There seem to me a few salient facts about the search for a COVID-19 vaccine.
1) According to a May 11 count by the World Health organization, there are now 8 vaccine candidates now in clinical trials, and an additional 102 vaccines in pre-clinical evaluation. Seems like an encouragingly high number.
2) Influenza viruses are different from coronaviruses. We do have vaccines for many influenza viruses--that's the "flu shot" many of us get each fall. But there has never been a vaccine developed for a coronavirus. The two previous outbreaks of a coronavirus--SARS (severe acute respiratory syndrome) in 2002-3 and MERS (Middle East respiratory syndrome) in 2012--both saw substantial efforts to develop such a vaccine, but neither one succeeded. Eriko Padron-Regalado discusses "Vaccines for SARS-CoV-2: Lessons from Other Coronavirus Strains" in the April 23 issue of Infectious Diseases and Therapy.
3) It's not 100% clear to me why the previous efforts to develop a coronavirus vaccine for SARS or MERS failed. Some of the discussion seems to suggest that there wasn't a strong commercial reason to develop such a vaccine. The SARS outbreak back in 2002-3 died out. While some cases of MERS still happen, they are relatively few and seem limited to Saudi Arabia and nearby areas in the Middle East. Thus, one possible answer for the lack of a previous coronavirus vaccine is a lack of effort--an answer which would not reflect well on those who provide funding and set priorities for biomedical research.
4) The other possible answer is that it may be hard to develop that first coronavirus vaccine, which is why dozens of previous efforts to do so with SARS and MERS failed. Padron-Regalado put it this way (boldface is mine): "In vaccine development, it is ideal that a vaccine provides long-term protection. Whether long-term protection can be achieved by means of vaccination or exposure to coronaviruses is under debate, and more information is needed in this regard." A recent news story talked to researchers who tried to find a SARS vaccine, and summarizes their sentiments with comments like: "But there’s no guarantee, experts say, that a fully effective COVID-19 vaccine is possible. .... “Some viruses are very easy to make a vaccine for, and some are very complicated,” says Adolfo García-Sastre, director of the Global Health and Emerging Pathogens Institute at the Icahn School of Medicine at Mount Sinai. “It depends on the specific characteristics of how the virus infects.”Unfortunately, it seems that COVID-19 is on the difficult end of the scale. ... At this point, it’s not a given that even an imperfect vaccine is a slam dunk."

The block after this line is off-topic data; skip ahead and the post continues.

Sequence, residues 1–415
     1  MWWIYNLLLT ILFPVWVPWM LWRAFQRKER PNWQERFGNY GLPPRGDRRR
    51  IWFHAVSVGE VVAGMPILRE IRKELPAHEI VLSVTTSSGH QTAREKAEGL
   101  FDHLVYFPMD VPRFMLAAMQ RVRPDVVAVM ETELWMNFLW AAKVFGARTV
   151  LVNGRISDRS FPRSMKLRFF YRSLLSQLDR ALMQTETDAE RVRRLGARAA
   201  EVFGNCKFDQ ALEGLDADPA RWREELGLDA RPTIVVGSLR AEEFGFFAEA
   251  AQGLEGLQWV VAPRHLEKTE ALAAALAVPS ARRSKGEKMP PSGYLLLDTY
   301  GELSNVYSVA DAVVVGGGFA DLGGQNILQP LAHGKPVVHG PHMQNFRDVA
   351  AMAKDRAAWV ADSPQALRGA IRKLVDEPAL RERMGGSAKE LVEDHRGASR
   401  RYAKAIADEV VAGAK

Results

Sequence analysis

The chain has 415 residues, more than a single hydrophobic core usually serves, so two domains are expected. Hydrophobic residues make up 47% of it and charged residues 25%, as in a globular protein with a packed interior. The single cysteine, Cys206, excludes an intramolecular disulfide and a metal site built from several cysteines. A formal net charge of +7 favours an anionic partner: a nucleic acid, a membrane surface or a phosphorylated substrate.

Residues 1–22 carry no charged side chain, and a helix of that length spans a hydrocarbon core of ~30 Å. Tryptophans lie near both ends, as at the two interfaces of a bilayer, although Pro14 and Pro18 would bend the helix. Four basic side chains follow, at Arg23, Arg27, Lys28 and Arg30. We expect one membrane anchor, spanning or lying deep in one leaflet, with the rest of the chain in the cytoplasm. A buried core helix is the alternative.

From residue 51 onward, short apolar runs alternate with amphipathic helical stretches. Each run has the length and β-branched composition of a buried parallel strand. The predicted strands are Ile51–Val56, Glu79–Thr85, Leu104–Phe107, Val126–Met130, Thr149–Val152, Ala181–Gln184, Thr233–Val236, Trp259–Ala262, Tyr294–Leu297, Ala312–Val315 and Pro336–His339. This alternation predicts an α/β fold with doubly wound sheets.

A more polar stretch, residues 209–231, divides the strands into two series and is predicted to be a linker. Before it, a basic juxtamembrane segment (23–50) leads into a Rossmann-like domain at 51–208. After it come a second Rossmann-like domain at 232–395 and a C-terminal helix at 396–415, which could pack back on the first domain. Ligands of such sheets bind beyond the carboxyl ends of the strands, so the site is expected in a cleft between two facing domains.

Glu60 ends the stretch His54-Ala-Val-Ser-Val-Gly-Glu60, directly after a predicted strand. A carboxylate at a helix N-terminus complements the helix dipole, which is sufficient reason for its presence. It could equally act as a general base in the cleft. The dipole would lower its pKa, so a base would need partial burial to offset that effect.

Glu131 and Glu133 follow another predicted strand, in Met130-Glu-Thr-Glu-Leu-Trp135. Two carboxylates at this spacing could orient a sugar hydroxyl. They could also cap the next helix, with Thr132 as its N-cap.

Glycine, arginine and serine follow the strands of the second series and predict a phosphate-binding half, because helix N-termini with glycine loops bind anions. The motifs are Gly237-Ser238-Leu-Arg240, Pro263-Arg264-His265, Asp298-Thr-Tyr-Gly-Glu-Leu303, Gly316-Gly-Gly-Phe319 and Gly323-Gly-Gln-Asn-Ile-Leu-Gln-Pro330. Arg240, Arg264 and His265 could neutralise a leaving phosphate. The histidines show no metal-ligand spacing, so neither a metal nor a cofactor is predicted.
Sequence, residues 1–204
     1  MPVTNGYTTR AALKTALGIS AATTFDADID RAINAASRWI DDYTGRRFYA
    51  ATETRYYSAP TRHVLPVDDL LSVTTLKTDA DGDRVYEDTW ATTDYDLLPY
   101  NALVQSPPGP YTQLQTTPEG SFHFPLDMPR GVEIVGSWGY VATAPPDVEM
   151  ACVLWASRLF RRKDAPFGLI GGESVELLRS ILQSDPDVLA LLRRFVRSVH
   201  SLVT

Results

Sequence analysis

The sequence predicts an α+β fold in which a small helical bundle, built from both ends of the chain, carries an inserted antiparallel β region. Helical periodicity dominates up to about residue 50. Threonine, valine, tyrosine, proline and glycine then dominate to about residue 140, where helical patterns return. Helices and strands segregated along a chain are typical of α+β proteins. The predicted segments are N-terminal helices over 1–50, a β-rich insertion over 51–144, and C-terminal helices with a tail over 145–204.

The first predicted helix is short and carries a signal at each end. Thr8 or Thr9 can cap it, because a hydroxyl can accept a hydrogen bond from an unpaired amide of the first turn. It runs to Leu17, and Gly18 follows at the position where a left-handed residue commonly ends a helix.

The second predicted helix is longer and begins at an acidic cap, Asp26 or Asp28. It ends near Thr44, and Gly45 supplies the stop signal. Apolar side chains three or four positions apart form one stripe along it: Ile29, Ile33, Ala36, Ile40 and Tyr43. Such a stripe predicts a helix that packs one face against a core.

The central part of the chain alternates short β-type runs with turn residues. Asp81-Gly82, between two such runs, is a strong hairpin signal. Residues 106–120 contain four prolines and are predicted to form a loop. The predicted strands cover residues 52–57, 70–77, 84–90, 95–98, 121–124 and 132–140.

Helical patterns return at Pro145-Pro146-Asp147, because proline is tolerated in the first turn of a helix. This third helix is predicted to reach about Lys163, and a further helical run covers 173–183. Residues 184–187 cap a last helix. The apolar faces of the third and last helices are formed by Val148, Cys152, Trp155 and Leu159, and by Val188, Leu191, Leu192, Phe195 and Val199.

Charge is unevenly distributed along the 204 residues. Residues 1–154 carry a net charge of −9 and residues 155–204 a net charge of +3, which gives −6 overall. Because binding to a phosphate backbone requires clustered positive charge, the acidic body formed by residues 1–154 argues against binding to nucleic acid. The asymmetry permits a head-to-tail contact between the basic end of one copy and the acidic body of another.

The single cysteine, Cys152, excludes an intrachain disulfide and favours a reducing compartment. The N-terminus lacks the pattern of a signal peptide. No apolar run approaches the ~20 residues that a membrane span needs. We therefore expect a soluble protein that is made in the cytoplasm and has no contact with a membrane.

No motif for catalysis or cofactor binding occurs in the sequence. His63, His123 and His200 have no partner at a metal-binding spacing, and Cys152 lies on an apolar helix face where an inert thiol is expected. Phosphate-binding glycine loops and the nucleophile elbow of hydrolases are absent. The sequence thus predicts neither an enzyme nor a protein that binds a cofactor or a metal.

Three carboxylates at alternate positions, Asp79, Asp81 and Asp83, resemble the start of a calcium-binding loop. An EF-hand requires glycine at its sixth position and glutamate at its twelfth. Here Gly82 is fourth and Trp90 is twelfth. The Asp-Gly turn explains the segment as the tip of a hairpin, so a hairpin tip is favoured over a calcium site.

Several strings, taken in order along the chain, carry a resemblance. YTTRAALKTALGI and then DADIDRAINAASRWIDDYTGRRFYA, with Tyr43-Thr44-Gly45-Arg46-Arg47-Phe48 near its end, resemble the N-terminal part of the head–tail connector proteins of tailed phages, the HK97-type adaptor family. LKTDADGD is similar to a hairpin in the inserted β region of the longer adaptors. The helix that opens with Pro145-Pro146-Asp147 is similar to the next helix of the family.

5) At best, vaccines take time to develop, especially if you are thinking about giving them to a very wide population group with different ages, genetics, and pre-existing conditions.
So by all means, research on a vaccine for the novel coronavirus should proceed full speed ahead. In addition, even if we reach a point where the disease itself seems to be fading, that research should keep proceeding with the same urgency. That research may offer protection against a future wave of the virus in the next year or two. Or it may offer scientific insights that will help with a vaccine targeted at a future outbreak of a different coronavirus.
But we can't reasonably make current public policy about stay-at-home, business shutdowns, social distancing, or other public policy steps based on a hope or expectation that a coronavirus vaccine will be ready anytime soon.
A version of this article first appeared on Conversable Economist.
Timothy Taylor is an American economist. He is managing editor of the Journal of Economic Perspectives, a quarterly academic journal produced at Macalester College and published by the American Economic Association. Taylor received his Bachelor of Arts degree from Haverford College and a master's degree in economics from Stanford University. At Stanford, he was winner of the award for excellent teaching in a large class (more than 30 students) given by the Associated Students of Stanford University. At Minnesota, he was named a Distinguished Lecturer by the Department of Economics and voted Teacher of the Year by the master's degree students at the Hubert H. Humphrey Institute of Public Affairs. Taylor has been a guest speaker for groups of teachers of high school economics, visiting diplomats from eastern Europe, talk-radio shows, and community groups. From 1989 to 1997, Professor Taylor wrote an economics opinion column for the San Jose Mercury-News. He has published multiple lectures on economics through The Teaching Company. With Rudolph Penner and Isabel Sawhill, he is co-author of Updating America's Social Contract (2000), whose first chapter provided an early radical centrist perspective, "An Agenda for the Radical Middle". Taylor is also the author of The Instant Economist: Everything You Need to Know About How the Economy Works, published by the Penguin Group in 2012. The fourth edition of Taylor's Principles of Economics textbook was published by Textbook Media in 2017.